WHAT MICHEL ESTADES SAYS:
A passionate art dealer with 30 years’ expertise, Michel Estades loves sharing his knowledge and enthusiasm for his favourite artists. His 4 galleries permanently exhibit many 20th and 21st-century figurative artists, including the world’s greatest masters, masters from the Provencal and Lyon schools, modern and contemporary masters and a constant flow of talented new painters and sculptors.
” Born in Malaga, Spain, in 1881; he died in Mougins, France, in 1973.
Symbol of 20th-century art, and an immense artist in his own right, Pablo Picasso is a painter, sculptor, engraver, and ceramist.
Arriving in France at the beginning of the century, he and his friend Georges Braque were the Cubist movement leaders.
With an exceptional thirst for originality, he explored all the art movements of the 20th century, surrealism, expressionism, or neo-classicism. He became one of the undisputed masters of modern art.
Artist from a very young age
Born in Málaga in 1881, Pablo Picasso was the son of Don José Ruiz y Blanco, a painter and drawing instructor, and Maria Picasso y Lopez. Picasso composed his first oil painting at the age of eight. Encouraged by his father, he studied at the Guarda in La Coruña and then at the School of Fine Arts in Barcelona. He exhibited “The First Communion” at the Fine Arts and Industry Exhibition in Barcelona. Although he did not win an award, a major newspaper praised noticed him.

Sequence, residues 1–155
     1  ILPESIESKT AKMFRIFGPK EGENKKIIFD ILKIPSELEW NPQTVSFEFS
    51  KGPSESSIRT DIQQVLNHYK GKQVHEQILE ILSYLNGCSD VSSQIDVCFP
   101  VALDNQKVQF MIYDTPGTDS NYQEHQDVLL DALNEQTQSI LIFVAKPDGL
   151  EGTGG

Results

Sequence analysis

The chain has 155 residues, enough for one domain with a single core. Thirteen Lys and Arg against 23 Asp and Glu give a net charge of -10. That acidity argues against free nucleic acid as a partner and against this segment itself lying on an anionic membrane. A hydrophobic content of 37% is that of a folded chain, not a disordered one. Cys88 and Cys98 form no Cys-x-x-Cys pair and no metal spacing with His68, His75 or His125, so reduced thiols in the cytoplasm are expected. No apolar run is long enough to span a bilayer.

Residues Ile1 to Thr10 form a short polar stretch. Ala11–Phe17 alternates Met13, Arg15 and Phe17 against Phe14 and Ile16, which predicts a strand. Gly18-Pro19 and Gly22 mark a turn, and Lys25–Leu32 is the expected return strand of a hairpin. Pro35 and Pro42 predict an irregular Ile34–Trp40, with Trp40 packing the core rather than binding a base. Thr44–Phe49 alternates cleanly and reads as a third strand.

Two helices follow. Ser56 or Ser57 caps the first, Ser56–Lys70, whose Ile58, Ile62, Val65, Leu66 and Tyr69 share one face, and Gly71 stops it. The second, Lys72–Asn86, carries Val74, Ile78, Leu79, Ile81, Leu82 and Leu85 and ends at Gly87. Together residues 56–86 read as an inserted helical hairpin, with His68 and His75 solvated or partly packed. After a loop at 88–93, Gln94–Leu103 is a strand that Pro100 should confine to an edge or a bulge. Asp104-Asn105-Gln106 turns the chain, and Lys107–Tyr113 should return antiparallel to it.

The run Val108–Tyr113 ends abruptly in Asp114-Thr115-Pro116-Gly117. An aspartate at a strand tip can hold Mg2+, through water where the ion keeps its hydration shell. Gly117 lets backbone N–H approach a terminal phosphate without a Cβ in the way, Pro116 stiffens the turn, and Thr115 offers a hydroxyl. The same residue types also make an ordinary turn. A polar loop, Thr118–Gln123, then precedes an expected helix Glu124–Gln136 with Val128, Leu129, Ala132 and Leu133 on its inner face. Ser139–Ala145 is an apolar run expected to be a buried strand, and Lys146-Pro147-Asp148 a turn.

In 1900, Picasso went to Paris for the first time with his friend Casagemas. He discovered the works of Toulouse-Lautrec, Cézanne, Degas and Gauguin. Some of his work was starting to sell in France and Spain. The painting “Derniers instants”, which later he covered with “La Vie”, was exhibited at the World Fair in Paris. The following year, the artist changed his father’s name (Ruiz Blanco) in favor of his mother’s now world-famous name, Picasso.
Casagemas committed suicide in 1901. Severely affected by this event, Picasso painted various portraits of his former friend. It inaugurated his Blue Period. Picasso settled in Casagemas’ studio in Paris.
Blue Period (1901-1903) and Pink Period (1905-1906)
The period between 1901 and 1903 is known as the Blue Period. Blue dominates the artist’s canvas. The color transcribes the painter’s vision of the world, a mixture of old age distress, poverty, and death.
After a short stay in Barcelona in 1902, Picasso settled permanently in Paris at the Bateau-Lavoir. He fell in love with Fernande Olivier. It brightened up his paintings.
He becomes interested in the circus’s world, and paints harlequins, jugglers, and acrobats in pink hues that evoke a certain melancholy. His pink period ended in 1906 when Picasso started to create a much more geometric body of work.
Cubism, the birth of a movement (1906 – 1914)
As he entered his twenty-fifth year, Picasso changed his style of painting again. He broke down and reproduced objects into simple geometric shapes.
Cézanne, African art, and Iberian sculpture were the painter’s sources of inspiration as he turned into cubism.